Journal Of Indexes

Devil-Free Indexes

Constructing an index to include the correlations you want and exclude those you don’t want can be more complicated than it seems.

Journal Of Indexes

Active Countries, Passive Stocks

Can a series of indexed country portfolios be actively managed at the allocation level and outperform the sum of the indexes?

Journal Of Indexes

Don’t Look Back, Magellan, Somebody’s Gaining On You

In mid-July Fidelity Investments' Magellan Fund sailed serenely past the $100 billion mark in assets.

As the largest existing mutual fund, Magellan is bigger than all stock mutual funds combined were in 1984 and bigger than the entire fund industry in 1979. Its assets are larger than the gross domestic product of Ireland and every state budget in the U.S.

Journal Of Indexes

Dow Theory Lives!

The authors realized a classic study of that first major try at technical analysis, the Dow Theory, was

Journal Of Indexes

Internet Indexes Survey: Who Do You Like?

A number of so-called 'Internet indexes', some more prominent than others, keep track of the internet industry and related sectors. Some focus solely on the Internet; others survey a wider range of technology stocks; none are more than a few years old.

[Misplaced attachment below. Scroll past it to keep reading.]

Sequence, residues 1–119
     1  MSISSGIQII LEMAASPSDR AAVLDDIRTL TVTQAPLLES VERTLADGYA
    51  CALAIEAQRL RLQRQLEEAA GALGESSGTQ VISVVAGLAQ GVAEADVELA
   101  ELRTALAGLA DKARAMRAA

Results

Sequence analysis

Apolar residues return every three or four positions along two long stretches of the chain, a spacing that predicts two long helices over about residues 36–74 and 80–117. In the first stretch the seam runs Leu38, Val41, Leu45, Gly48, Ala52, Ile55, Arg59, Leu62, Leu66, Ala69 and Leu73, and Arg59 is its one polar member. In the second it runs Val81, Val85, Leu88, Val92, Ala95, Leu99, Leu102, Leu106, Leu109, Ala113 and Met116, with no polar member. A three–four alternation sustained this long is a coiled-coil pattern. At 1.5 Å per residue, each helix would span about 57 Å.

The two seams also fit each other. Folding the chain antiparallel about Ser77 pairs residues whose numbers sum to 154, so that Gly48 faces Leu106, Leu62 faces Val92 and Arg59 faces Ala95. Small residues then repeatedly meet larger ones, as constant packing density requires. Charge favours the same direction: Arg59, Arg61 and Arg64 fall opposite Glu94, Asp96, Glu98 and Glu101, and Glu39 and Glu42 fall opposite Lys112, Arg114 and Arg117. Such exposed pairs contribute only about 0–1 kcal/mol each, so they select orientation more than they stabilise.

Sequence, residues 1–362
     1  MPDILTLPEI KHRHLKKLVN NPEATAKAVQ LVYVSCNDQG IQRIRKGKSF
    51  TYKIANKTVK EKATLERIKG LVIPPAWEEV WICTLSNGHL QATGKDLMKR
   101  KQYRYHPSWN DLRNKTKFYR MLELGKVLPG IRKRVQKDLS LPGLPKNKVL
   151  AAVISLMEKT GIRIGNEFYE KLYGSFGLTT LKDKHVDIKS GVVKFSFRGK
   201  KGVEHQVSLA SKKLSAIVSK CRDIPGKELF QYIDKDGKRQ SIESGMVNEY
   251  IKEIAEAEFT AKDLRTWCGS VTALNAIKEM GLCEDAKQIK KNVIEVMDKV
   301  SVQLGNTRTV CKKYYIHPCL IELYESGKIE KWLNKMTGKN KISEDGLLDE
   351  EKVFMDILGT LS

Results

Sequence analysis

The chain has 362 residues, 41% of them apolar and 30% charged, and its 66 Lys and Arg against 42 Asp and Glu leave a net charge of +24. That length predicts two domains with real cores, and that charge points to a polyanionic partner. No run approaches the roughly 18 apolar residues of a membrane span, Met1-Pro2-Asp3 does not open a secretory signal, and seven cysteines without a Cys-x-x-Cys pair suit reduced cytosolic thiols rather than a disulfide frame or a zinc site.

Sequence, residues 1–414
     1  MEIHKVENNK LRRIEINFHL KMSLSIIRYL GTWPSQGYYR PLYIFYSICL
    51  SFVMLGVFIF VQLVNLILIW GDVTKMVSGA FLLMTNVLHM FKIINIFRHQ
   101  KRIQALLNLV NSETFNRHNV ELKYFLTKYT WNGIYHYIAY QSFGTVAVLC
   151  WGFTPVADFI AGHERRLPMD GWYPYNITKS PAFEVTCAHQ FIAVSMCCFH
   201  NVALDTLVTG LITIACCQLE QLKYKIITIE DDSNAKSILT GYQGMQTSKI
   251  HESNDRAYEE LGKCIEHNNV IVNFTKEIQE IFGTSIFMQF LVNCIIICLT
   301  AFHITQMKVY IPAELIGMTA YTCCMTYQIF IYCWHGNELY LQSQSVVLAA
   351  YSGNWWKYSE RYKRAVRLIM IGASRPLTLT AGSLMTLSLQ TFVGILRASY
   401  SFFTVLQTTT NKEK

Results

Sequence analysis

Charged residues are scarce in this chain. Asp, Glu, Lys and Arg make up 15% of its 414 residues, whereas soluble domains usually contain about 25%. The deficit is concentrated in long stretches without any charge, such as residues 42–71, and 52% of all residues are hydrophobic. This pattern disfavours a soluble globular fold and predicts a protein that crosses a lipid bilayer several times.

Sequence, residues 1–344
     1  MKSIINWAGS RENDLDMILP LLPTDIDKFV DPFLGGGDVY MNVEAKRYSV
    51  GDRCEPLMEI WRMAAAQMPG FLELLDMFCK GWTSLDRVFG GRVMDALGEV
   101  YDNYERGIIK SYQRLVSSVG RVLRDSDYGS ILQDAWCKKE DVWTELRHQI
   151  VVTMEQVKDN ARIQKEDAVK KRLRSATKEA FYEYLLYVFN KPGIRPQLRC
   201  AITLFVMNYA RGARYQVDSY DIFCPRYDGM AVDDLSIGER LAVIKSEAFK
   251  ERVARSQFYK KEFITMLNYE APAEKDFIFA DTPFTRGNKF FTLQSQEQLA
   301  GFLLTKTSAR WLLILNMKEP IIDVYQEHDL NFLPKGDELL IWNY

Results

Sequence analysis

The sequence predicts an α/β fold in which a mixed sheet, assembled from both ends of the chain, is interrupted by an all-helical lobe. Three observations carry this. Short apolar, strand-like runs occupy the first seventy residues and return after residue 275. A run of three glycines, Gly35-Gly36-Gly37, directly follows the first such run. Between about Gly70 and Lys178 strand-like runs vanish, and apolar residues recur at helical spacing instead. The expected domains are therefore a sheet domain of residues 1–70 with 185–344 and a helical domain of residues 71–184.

Journal Of Indexes

S&P 500 Funds: Money Flows Out Even While They Grow

As big stocks soar ever higher, more money is drawn to mutual funds that mimic the performance of the Standard & Poor's 500-stock index. That money spurs the index's stocks higher, drawing in even more cash.

Or so the theory goes.

But according to Vanguard Group, the fund company that runs the Vanguard 500 Index Fund, which replicates the S&P 500, money is really going out of such investments, not in.

Journal Of Indexes

The Case Against Indexing

Birinyi Associates studied the index fund phenomenon and found a lot to criticize in something so hugely successful.

Journal Of Indexes

This Index Is Wired

So maybe the Internet is the future (see lead story). But it's not the whole future. Wired magazine's editors have created their own 40-stock index intended to reflect their broader vision of the technological world and where it is headed. A considerable number of the index's constituents are in the computer and Internet industries, but companies like DaimlerChrysler AG and Walt Disney Co. firmly set it apart from the proliferation of indexes that focus strictly on the trendiest and highly volatile market sector.